The members of the room show up in a pane on the right, while all the rooms you are a part of are in the left sidebar. You also have the option to toggle your current status between Available, Away and Do Not Disturb — essential if using for a work cause.

When chatting, anyone can draw your attention to a point that mentions you with a simple “@” followed by your user name, which comes up in the form of an autocomplete box. I really liked this system because if you are someone who is going to check the chat infrequently, you know exactly where to look.

Also, Hipchat supports notifications so that you can be alerted when a message is sent in the room, you’re mentioned in a room, or a private message is sent to you.

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Ah yes, you can start a private chat with anyone in the same chatroom. Just double-click their name and it’ll open a unique, tiny chatroom that only the two of you can participate in.

Hipchat also allows for guest access, so in case you need to invite a client or a member of another team to a room for a short amount of time, you can switch guest accounts on and share a link with them. For security’s sake, they won’t be able to see the chat history before the time they log in. And you can’t send them direct messages either.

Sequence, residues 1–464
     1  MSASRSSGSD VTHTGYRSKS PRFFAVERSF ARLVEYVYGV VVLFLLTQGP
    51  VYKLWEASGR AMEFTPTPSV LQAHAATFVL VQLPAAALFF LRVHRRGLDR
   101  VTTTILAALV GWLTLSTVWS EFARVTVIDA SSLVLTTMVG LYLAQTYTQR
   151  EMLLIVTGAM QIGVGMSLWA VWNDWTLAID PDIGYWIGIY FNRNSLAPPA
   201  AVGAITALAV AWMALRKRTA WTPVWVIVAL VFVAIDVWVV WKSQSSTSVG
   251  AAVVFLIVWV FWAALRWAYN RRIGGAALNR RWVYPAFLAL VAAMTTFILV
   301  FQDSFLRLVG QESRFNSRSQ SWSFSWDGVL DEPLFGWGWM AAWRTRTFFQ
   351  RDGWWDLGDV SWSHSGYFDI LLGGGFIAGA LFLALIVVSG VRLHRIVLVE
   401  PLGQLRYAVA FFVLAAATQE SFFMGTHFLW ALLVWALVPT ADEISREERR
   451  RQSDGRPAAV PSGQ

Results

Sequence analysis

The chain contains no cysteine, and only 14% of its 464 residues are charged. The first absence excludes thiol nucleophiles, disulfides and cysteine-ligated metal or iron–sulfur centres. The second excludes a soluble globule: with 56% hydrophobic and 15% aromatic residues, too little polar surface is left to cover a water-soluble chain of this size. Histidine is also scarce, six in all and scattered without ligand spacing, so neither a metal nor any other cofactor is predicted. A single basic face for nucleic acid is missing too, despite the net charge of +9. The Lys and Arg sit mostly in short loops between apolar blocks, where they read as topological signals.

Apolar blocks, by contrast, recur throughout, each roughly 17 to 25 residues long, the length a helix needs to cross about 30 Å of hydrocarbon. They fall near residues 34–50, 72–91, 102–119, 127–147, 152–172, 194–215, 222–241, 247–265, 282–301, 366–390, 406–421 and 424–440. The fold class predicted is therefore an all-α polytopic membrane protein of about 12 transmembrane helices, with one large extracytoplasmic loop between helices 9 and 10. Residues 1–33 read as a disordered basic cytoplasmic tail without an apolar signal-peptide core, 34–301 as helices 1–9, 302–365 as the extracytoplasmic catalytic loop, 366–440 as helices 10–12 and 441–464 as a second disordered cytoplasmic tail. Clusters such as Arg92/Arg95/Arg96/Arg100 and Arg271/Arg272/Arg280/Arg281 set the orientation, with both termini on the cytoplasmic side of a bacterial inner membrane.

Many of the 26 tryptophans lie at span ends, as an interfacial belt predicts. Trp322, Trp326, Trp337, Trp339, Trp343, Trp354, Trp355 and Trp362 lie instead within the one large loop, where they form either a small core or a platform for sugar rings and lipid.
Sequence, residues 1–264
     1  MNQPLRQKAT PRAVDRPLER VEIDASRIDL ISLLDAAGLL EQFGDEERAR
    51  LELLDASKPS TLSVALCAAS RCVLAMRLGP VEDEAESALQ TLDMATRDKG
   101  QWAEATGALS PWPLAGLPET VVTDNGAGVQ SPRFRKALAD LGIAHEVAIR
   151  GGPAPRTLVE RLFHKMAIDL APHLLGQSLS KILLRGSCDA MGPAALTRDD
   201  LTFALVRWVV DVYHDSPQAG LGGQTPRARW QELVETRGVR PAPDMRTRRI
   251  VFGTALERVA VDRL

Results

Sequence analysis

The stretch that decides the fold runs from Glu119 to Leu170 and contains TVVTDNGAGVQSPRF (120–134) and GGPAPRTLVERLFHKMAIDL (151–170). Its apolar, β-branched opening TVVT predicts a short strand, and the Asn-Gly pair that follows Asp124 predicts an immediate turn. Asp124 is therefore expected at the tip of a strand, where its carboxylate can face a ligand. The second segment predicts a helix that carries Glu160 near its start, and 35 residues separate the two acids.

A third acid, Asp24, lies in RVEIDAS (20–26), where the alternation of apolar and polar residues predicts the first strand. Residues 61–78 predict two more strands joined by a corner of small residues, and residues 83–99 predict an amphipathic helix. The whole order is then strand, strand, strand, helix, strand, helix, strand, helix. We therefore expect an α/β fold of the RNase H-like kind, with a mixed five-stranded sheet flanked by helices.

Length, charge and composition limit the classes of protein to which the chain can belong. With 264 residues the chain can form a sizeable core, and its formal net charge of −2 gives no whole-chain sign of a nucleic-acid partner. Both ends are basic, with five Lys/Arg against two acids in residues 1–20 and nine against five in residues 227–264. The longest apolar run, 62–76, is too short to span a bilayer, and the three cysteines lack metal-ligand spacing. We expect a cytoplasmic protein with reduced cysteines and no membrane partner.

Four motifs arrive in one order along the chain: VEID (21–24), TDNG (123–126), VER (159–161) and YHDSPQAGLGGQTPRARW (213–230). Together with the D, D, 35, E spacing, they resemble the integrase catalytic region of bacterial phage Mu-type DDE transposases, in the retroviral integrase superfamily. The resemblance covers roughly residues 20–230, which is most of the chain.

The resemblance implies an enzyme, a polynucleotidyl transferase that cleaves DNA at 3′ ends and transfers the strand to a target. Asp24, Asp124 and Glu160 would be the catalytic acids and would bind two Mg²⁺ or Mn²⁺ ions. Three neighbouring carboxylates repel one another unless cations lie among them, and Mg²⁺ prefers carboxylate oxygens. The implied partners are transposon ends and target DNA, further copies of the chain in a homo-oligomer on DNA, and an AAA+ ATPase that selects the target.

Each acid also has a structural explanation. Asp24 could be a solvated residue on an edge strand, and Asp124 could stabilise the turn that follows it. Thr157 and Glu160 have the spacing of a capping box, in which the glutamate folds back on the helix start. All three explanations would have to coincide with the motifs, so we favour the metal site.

Attachments & Updates

The attachments in Hipchat are a particular favourite of mine. You can attach any file quickly into the text box, and then even write out a caption for it so that there’s a link between what you want to share and what you want to say.

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It even worked with simple drag-and-drop, and what was really cool was that it took stuff directly off the clipboard as well — I hit print screen and pressed ctrl+v in the text box and there was my screenshot, without having ever been saved on my local hard drive!

Hipchat has an open API that plugs into various popular project management services that will give you updates in the chatroom. While I didn’t test this extensively, a friend who uses Hipchat with his team vouched for it. He has hooked up his Hipchat with his team’s Github account and they get instant notifications whenever anyone creates a branch, writes in a repository, etc. Currently, apart from Github, Hipchat supports Google Apps, Heroku, Bitbucket, RSS, MailChip, Zendesk, Desk.com and several other apps.

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Final Thoughts

Despite the “one email to rule them all” approach, I really liked my time on Hipchat and would recommend it to any team looking for a collaborative environment. Once you get past the email hiccup, it’s a fantastic experience — especially since it works flawlessly on Android and iOS devices, which makes it easy to use on the go too.


Summary

Hipchat lets teams create beautiful chatrooms to talk in, with a persistent history they can search through, easy drag-and-drop file sharing, and cross-platform apps